Praying For Alexei: Duane W.H. Arnold, PhD
Praying For Alexei
I don’t know what to write.
As I watch the videos of the shelling of cities in Ukraine, I find myself in a state of mind that traverses between anger, sorrow and disbelief. As someone trained in theology, I should be writing about Augustine and Aquinas and their formulations for what constitutes a “just war”. What I see on my screen, however, are images of buildings being destroyed and the haunted faces of fleeing refugees.
My mind goes back to the Orthodox cathedral in Odesa, Ukraine. It was a joyous occasion, the ordination to the priesthood of Alexei, a bright 22 year-old. I had met him just the day before at the seminary at which time he was confident and excited. On the day, however, he was nervous. I had gone outside to have a puff on my pipe and found Alexei at the side of the church smoking one last cigarette to calm his nerves before the service began. I could not speak Ukrainian or Russian, but Alexei knew enough English for us to have at least the semblance of a conversation. He told me that he was learning English because someday he hoped to visit America. He especially wanted to see New York because of all the American movies he had seen. When I asked if he thought that he would be able to travel freely, he replied “Yes, once we have our own country back, anything will be possible.”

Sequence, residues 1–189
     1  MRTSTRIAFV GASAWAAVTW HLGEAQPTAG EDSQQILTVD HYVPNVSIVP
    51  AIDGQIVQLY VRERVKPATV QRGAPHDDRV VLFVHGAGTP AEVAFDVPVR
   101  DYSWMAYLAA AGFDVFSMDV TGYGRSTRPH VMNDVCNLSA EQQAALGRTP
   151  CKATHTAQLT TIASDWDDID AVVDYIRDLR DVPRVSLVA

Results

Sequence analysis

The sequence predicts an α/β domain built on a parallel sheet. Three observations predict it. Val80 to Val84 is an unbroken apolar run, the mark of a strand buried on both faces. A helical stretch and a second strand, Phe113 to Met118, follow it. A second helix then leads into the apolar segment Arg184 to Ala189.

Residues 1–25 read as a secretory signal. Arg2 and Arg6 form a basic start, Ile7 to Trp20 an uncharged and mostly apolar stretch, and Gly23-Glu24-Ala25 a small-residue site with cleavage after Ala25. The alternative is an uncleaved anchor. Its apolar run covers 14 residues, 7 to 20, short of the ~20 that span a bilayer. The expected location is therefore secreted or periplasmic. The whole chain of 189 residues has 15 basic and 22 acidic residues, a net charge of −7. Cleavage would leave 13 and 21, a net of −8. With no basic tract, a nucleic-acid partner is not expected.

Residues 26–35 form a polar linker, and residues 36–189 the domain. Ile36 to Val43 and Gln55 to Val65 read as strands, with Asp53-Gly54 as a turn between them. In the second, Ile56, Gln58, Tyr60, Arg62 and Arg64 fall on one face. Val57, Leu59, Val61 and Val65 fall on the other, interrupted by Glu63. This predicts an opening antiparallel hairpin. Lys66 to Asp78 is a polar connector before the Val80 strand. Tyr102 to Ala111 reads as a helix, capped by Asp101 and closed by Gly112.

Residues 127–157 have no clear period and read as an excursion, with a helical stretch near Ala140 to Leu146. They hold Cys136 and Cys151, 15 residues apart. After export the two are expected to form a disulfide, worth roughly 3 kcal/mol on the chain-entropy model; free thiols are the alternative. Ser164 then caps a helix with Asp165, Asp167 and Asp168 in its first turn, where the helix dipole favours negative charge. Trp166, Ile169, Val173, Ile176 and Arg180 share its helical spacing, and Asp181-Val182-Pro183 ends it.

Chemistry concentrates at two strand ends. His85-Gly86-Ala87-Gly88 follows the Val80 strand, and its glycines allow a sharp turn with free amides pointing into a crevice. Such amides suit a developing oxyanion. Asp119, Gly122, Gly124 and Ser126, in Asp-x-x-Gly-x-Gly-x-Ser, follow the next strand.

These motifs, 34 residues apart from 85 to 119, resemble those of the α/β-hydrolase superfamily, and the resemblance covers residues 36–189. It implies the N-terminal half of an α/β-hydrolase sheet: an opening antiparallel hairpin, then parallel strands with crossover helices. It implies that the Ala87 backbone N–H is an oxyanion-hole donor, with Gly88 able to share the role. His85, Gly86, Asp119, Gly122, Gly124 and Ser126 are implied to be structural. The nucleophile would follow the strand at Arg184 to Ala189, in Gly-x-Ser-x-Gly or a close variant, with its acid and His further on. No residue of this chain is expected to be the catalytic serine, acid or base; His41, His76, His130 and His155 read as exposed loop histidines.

This was 1990. While the USSR was still a reality, it was beginning to falter. Ukraine had already had massive protests calling for separation. The following year, 1991, over 90% of Ukrainians would vote for their independence from the Soviet Union. By the end of that year, an independent Ukraine was declared and recognized.
Now, after thirty years, that independence is being threatened. The cathedral in which I stood behind the iconostasis and watched Alexei ordained to the priesthood is surrounded by sandbags as Odesa awaits the onslaught of a Russian attack that appears to be only days or hours away. As I contemplate the similarities of this most recent aggression with that which took place in Europe in the 1930s, there is the feeling of history repeating itself. Reading Augustine and Aquinas, I can easily settle in my own mind that Ukraine’s defense of its independence and territorial integrity certainly falls under the category of a just war. Yet, that definition only provides the comfort of an abstract theory. It does not bring aid to the thousands of Russians who have been arrested protesting the actions of their government. It does little to bring solace to the dead and the dying on both sides of this conflict. It gives precious little comfort to those on both sides who will mourn the dead. In the end, it brings little consolation to either the living or the dead.
Even as I support the people of Ukraine in their heroic struggle against a brutal outside aggressor, I also have to admit that war, with all of its horrors, is one of the ultimate failures of fallen humanity.
This last week, I have often thought about Alexei. As books in English were in short supply at the time, I gave him my Book of Common Prayer as an ordination gift. He joked and said it would help him to get ready to visit my church in America. I wonder if he ever made the journey? I wonder if, now in his fifties, he is still in Ukraine awaiting the next round of shelling or the appearance of Russian tanks on the streets?
Praying for a whole country can, at least for me, be an abstraction. I can, however, pray for Alexei… I can also pray that once he has his own country back, anything will be possible, once again.